In addition, in the cholesterol extraction experiments by mice serum, we found a blunted slope of cholesterol efflux against serum HDL‐cholesterol in the miR‐33 KOKI mice serum compared with the miR‐33 WT mice. This suggests that not only the quantity but also the quality of HDL‐cholesterol was worsened in the miR‐33b KOKI mice. Recent studies emphasize the importance of the quality of HDL‐cholesterol for atherosclerosis progression.6 These factors might contribute to the increased atherogenicity in miR‐33 KOKI mice.

    Because of the lack of miR‐33b in the mice, which is the most widely used animal model of atherosclerosis, the role of miR‐33b in atherosclerotic plaque formation has not been well studied. Recently, the role of miR‐33b was reported during atherosclerotic plaque formation in mice.28 However, the mice used in the this study did not grow to adulthood and could not be used to assess the whole‐body roles of miR‐33b in adult mice. In this study, we used our previously reported miR‐33b KI mice, which showed mendelian segregation and showed no significant difference in adult body weight with a normal diet. The data obtained from this strain showed many consistencies with external data and previous findings. In particular, the strong correlation between Srebf2/Srebf1 and miR‐33a/b expression patterns was also confirmed in human primary cultured cell lines. This observation supported the generalizability of the data obtained from these mice. We suggest that this strain will also be useful for assessing the roles of miR‐33b in the adult mice, and comparison of the results with previously reported strains is also important to understand the biological roles of Srebf1 and miR‐33b in vivo.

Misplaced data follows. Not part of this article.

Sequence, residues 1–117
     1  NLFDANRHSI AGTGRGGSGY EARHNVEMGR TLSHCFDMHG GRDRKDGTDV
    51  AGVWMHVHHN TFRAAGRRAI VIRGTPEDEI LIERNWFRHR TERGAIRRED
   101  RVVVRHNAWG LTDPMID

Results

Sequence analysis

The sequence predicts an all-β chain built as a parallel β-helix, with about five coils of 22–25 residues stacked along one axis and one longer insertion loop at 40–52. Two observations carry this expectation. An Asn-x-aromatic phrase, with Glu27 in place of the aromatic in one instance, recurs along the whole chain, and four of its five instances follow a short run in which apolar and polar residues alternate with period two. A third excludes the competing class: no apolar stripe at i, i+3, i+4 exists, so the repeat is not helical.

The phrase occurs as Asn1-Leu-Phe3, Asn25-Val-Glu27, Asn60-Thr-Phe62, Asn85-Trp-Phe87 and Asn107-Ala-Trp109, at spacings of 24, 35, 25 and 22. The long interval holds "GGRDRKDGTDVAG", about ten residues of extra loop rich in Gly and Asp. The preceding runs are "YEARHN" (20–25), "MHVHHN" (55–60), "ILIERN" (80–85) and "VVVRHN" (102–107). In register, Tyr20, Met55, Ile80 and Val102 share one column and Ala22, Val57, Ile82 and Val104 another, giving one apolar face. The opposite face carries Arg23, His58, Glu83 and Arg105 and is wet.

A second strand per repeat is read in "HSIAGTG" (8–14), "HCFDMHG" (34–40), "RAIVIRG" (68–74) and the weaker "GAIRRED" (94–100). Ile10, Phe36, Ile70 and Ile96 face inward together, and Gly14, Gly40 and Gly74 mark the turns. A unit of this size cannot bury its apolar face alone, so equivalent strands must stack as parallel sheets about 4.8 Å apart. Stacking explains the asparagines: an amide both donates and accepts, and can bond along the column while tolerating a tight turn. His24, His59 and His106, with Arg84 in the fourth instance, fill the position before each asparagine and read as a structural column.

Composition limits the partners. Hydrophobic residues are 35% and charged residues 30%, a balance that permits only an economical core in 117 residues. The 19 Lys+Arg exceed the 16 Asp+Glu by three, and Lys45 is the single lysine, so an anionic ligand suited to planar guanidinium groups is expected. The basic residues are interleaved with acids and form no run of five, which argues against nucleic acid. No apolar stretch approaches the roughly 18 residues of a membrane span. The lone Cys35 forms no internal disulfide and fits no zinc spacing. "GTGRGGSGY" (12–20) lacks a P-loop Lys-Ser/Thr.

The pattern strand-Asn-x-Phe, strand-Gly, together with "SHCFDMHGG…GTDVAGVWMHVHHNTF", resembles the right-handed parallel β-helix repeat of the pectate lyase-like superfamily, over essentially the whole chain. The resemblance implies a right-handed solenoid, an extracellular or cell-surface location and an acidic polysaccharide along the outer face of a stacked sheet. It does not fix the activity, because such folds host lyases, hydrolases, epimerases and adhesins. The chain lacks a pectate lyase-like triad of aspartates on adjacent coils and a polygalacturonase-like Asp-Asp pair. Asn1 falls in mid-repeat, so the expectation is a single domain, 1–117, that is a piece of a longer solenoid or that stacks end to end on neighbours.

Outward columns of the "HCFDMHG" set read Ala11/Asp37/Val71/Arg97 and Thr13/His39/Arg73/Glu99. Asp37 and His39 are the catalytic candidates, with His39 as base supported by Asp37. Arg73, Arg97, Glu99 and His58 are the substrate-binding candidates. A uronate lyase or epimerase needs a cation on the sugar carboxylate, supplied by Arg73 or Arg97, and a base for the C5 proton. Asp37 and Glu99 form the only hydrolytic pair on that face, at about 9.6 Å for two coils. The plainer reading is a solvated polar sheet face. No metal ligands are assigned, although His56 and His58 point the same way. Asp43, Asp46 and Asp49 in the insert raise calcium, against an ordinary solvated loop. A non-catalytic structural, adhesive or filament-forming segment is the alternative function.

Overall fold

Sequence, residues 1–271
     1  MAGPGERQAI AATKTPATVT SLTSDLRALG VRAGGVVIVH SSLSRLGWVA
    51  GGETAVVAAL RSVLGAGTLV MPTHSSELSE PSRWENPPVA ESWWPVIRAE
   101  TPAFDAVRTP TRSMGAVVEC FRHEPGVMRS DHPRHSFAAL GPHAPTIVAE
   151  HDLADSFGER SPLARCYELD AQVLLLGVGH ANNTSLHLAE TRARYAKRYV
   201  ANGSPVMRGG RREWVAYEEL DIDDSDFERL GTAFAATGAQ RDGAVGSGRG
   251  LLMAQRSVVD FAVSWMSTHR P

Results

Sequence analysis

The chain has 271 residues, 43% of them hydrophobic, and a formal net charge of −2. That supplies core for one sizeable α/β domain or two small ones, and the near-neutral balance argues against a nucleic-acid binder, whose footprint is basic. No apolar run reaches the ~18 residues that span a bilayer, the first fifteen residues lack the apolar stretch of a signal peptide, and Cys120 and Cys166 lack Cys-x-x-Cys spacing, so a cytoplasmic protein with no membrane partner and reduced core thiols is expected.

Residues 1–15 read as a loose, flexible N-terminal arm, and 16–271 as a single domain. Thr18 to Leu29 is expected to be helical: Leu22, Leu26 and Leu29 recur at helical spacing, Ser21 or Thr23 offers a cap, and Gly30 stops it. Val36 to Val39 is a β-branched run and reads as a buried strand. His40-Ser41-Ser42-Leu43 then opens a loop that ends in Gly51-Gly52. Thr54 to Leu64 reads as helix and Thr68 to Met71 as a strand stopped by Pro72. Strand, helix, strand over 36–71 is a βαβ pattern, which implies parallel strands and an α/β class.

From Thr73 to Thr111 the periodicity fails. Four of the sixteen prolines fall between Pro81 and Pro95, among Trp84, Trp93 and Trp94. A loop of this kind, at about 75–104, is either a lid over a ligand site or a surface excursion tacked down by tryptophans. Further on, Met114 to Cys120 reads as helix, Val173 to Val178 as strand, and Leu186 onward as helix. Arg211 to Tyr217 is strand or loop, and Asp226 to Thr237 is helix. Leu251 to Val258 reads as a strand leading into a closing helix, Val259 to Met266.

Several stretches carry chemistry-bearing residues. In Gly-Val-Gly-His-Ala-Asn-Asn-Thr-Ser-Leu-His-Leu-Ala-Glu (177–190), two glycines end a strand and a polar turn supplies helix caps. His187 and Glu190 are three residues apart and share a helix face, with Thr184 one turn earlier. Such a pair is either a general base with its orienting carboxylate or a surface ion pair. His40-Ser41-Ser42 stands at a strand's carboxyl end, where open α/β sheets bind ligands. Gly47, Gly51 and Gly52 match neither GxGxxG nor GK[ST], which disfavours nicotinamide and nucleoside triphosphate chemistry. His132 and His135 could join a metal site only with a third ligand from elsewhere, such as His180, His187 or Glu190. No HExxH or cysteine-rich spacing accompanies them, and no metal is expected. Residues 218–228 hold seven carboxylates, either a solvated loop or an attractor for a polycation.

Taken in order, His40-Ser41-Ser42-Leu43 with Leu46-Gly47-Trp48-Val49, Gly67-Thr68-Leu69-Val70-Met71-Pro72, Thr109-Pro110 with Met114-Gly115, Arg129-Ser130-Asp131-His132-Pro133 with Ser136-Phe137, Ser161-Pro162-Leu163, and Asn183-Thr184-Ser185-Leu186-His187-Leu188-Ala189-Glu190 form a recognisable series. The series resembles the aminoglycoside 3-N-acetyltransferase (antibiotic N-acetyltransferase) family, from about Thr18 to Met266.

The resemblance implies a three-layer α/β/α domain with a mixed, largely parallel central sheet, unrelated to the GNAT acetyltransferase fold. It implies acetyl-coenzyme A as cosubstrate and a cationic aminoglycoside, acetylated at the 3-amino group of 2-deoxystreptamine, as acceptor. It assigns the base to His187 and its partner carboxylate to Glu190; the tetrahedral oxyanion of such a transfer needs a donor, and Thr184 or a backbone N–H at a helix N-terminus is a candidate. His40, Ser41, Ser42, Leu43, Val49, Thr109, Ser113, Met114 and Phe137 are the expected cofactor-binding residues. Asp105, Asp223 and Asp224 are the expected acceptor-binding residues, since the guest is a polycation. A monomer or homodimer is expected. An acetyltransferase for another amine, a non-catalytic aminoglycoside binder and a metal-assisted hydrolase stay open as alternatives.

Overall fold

Sources of Funding

    This work was supported by the Ministry of Education, Culture, Sports, Science and Technology and the Japan Society for the Promotion of Science KAKENHI Grants, whose numbers are 17K09860 (Dr Horie), 1605297 (Dr Kimura), 17H04177, and 17H05599 (Dr Ono); and by a visionary research grant “Step” from Takeda Science Foundation (Dr Ono).

    Disclosures

    None.

    Acknowledgments

    Experiments using radioisotopes were performed at the Radioisotope Research Center, Kyoto University.

    Footnotes

    *Correspondence to: Koh Ono, MD, PhD, and Takahiro Horie, MD, PhD, Department of Cardiovascular Medicine, Graduate School of Medicine, Kyoto University, 54 Kawahara‐cho, Shogoin, Sakyo‐ku, Kyoto 606‐8507, Japan. E‐mails: ;